"For we have not an innumerable multitude of books among us, disagreeing from and contradicting one another [as the Greeks have,] but only twenty-two books, which contain the records of all the past times; which are justly believed to be divine; and of them, five belong to Moses, which contain his laws, and the traditions of the origin of mankind till his death. This interval of time was little short of three thousand years; but as to the time from the death of Moses till the reign of Artaxerxes king of Persia, who reigned after Xerxes, the prophets, who were after Moses, wrote down what was done in their times in thirteen books. The remaining four books contain hymns to God, and precepts for the conduct of human life." (Josephus: Complete Works, pg. 609.)
It is apparent that Josephus' breakdown (5+13+4=22) does not tally with the (5+8+11=24) scheme found in Hebrew Bibles today, but that is due to the unsettled arrangement/combination of books within the last two divisions during that time, and not due to a differently accepted canon. There is an additional reason for Hazrat Isa and others identifying the third division with Hazrat Dawud's book, the Psalms:
David Noel Freedman, "The Formation of the Canon of the Old Testament," in Religion and Law: Biblical-Judaic and Islamic Perspectives, ed. by Edwin B. Firmage, Bernard G. Weiss, and John W. Welch (Winona Lake IN: Eisenbrauns, 1990), pp. 320-321: "The effort to rewrite or revise the classic history of Israel did not entirely succeed, but the Chronicler's work, ultimately supplemented by the memoirs of Ezra and Nehemiah, constituted the framework of a third cycle of literature in the canon. Such books as the Psalter, Proverbs, and others that could be associated with the house of David (for example, Ruth, Song of Songs, Ecclesiastes) were included, as well as those that dealt with the fortunes of the sacred city and its Temple (for example, Lamentations, and later, Daniel)."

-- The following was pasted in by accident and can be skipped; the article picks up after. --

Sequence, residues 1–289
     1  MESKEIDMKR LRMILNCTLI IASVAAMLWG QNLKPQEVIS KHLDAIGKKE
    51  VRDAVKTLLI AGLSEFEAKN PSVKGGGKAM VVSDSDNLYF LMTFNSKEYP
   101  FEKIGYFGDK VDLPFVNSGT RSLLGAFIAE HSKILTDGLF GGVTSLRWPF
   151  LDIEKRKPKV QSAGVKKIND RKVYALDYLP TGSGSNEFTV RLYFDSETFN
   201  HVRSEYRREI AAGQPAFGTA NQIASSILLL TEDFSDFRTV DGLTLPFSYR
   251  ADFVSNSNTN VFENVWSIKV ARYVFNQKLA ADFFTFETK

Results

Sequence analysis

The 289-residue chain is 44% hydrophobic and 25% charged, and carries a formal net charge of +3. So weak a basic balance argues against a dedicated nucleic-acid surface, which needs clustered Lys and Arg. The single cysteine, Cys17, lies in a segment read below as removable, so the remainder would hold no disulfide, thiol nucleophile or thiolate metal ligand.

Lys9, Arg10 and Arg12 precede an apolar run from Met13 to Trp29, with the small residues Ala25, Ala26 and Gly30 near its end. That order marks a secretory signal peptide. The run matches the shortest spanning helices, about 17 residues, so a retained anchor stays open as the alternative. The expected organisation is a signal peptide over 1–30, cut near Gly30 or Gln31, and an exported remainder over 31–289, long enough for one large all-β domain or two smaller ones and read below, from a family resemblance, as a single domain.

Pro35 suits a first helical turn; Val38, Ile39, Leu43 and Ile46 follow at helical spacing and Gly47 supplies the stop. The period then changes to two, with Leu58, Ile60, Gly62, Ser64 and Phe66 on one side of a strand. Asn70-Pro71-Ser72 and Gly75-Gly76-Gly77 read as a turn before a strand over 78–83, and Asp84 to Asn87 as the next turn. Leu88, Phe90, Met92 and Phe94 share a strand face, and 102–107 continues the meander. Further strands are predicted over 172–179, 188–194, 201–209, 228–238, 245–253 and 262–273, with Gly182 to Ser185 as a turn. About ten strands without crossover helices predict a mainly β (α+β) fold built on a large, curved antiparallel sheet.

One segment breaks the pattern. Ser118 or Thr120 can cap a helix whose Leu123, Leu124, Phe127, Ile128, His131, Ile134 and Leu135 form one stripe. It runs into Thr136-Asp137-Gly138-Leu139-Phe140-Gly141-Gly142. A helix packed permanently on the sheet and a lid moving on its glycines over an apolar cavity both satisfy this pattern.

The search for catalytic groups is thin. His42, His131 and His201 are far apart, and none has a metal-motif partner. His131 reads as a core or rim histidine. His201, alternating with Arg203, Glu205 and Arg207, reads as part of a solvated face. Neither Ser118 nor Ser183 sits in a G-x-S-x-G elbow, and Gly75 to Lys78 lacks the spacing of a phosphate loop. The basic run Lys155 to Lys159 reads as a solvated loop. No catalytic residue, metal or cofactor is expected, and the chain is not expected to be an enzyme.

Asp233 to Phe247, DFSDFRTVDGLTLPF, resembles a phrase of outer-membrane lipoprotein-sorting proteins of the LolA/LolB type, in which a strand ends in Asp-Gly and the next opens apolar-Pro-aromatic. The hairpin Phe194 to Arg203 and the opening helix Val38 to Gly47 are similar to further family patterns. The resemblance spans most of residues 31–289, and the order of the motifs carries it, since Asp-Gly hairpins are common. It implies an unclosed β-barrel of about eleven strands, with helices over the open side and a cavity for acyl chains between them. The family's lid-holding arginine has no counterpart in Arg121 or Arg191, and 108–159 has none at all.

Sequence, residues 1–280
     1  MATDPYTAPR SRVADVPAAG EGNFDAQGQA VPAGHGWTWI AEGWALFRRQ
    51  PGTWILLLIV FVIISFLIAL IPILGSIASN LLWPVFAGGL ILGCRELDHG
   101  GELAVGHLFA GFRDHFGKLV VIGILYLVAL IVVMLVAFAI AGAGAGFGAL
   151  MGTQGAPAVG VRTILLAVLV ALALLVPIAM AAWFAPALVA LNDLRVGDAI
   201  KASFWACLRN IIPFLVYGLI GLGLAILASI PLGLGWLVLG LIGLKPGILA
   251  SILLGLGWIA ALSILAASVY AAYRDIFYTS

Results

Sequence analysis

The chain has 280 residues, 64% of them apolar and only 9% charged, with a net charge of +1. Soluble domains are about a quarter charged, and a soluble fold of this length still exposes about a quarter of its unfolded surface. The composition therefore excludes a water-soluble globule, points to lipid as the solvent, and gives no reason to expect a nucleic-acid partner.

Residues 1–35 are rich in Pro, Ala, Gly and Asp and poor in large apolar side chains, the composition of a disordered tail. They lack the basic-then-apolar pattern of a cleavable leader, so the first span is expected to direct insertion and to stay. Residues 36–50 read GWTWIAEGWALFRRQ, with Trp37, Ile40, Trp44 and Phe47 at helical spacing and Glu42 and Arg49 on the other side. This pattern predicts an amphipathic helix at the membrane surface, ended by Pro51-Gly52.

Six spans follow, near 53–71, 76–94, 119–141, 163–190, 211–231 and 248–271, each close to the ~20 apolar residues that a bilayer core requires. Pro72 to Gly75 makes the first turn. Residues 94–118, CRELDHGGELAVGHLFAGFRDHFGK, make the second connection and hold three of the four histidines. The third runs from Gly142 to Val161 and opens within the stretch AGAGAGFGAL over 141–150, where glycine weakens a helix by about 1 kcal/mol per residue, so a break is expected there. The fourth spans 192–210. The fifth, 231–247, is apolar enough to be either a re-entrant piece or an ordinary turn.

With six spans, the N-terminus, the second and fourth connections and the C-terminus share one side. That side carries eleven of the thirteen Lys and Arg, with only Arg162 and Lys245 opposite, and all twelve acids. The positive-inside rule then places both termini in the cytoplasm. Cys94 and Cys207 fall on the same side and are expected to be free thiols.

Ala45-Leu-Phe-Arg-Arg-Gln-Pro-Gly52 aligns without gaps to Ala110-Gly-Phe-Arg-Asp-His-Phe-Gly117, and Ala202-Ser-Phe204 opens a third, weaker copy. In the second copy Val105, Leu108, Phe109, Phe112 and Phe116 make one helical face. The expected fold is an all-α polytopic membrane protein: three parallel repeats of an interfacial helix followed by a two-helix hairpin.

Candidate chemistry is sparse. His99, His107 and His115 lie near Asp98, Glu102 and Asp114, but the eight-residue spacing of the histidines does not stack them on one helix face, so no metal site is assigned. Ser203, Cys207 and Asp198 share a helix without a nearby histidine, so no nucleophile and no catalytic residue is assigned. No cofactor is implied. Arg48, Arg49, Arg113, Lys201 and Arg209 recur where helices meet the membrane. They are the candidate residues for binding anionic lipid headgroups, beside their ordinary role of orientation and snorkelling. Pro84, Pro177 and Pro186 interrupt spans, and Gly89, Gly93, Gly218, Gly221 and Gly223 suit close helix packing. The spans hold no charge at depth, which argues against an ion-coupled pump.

"Thus, the division of Zabur as the corpus belonging to David is not an unexpected category of the Old Testament canon. It does not, in and of itself, deny the existence of the Kethubim or even make it difficult to explain their association. Freedman's explanation also answers questions regarding the separation of books like Chronicles, Ruth, and Daniel from the Prophets. When we look at the Old Testament canon in this fashion we find that the three divisions center around Moses, David, and the prophets. This is consistent with both the Islamic division and the New Testament division of the Old Testament canon." (letter from Dr. W. Barrick)
Freedman's comments bear a remarkable similarity to the record found in 2 Maccabees 2:13, written sometime prior to 50 A.D.:
"The same things also were reported in the writings and commentaries of Neemias; and how he founding a library gathered together the acts of the kings, and the prophets, and of David, and the epistles of the kings concerning the holy gifts." (The Septuagint with Apocrypha: Greek and English.)
The Greek of the LXX supports a translation along the lines of Nehemiah gathering books concerning "the kings and prophets, and that of David, and letters of kings concerning votive offerings." In Nehemiah's time, the canon/arrangement of the Pentateuch was settled, but the rest of the Old Testament canon was still in the process of being revealed and arranged. Interestingly enough, the writer of Maccabees mentions the gathering of literature which looks suspiciously like the last two sections of the Hebrew Old Testament as it was known during the first century; namely, the Prophets ("the kings and prophets", corresponding roughly to the former and latter prophets respectively), and the Psalms ("that of David"), or as later known, the Kethubim. One can only guess what scripture is signified by "letters of kings concerning votive offerings". Generally speaking, according to the above observations, the Kethubim would be primarily concerned with David (Hazrat Dawud), his lineage, or his city. Specifically speaking, however, where does the book of Job (Hazrat Ayub) fit into this scheme? Was it packaged with Hazrat Dawud because it was the only section of Scripture containing a significant amount of poetic/wisdom literature? One possibility is that as has been held by some, the author of the book Job, is none other than the son of David, Hazrat Sulayman (pbuh), linking the book with the house of David through authorship. Or perhaps there was a time in the early development of the Kethubim when Job was not included there but among the Prophets? Might this also explain why Josephus includes only four books in this section (perhaps Psalms, Proverbs, Ecclesiastes, Song of Songs)? Anyway, these are questions that probably cannot be answered, seeing there seems to be no strong evidence to prove or disprove them.
(Copyright © 2001 Al-Kitab Scripture Research Institute